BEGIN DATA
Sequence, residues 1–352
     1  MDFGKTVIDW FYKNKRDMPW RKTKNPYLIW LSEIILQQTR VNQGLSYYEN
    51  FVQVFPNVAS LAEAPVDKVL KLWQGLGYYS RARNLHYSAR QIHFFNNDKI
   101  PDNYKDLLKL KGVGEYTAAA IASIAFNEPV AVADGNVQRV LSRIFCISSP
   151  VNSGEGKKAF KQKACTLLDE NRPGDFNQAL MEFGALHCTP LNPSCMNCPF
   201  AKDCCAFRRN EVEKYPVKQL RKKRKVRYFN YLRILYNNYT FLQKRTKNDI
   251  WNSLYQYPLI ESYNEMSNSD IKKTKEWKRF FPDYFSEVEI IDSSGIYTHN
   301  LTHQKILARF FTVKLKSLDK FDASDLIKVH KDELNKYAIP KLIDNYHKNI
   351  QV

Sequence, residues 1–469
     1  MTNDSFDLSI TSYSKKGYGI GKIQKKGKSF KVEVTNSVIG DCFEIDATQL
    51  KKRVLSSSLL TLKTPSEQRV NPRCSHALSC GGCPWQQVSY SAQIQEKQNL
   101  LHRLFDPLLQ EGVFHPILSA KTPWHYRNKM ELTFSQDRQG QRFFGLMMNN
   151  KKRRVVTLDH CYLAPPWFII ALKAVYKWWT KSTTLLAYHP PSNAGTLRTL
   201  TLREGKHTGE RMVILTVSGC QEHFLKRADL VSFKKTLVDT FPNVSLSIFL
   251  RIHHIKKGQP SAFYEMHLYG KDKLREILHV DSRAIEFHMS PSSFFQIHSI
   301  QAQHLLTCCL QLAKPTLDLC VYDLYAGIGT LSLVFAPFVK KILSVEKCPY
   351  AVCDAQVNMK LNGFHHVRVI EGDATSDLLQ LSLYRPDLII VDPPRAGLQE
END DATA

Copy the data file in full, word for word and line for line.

Sequence, residues 1–352
     1  MDFGKTVIDW FYKNKRDMPW RKTKNPYLIW LSEIILQQTR VNQGLSYYEN
    51  FVQVFPNVAS LAEAPVDKVL KLWQGLGYYS RARNLHYSAR QIHFFNNDKI
   101  PDNYKDLLKL KGVGEYTAAA IASIAFNEPV AVADGNVQRV LSRIFCISSP
   151  VNSGEGKKAF KQKACTLLDE NRPGDFNQAL MEFGALHCTP LNPSCMNCPF
   201  AKDCCAFRRN EVEKYPVKQL RKKRKVRYFN YLRILYNNYT FLQKRTKNDI
   251  WNSLYQYPLI ESYNEMSNSD IKKTKEWKRF FPDYFSEVEI IDSSGIYTHN
   301  LTHQKILARF FTVKLKSLDK FDASDLIKVH KDELNKYAIP KLIDNYHKNI
   351  QV

Sequence, residues 1–469
     1  MTNDSFDLSI TSYSKKGYGI GKIQKKGKSF KVEVTNSVIG DCFEIDATQL
    51  KKRVLSSSLL TLKTPSEQRV NPRCSHALSC GGCPWQQVSY SAQIQEKQNL
   101  LHRLFDPLLQ EGVFHPILSA KTPWHYRNKM ELTFSQDRQG QRFFGLMMNN
   151  KKRRVVTLDH CYLAPPWFII ALKAVYKWWT KSTTLLAYHP PSNAGTLRTL
   201  TLREGKHTGE RMVILTVSGC QEHFLKRADL VSFKKTLVDT FPNVSLSIFL
   251  RIHHIKKGQP SAFYEMHLYG KDKLREILHV DSRAIEFHMS PSSFFQIHSI
   301  QAQHLLTCCL QLAKPTLDLC VYDLYAGIGT LSLVFAPFVK KILSVEKCPY
   351  AVCDAQVNMK LNGFHHVRVI EGDATSDLLQ LSLYRPDLII VDPPRAGLQE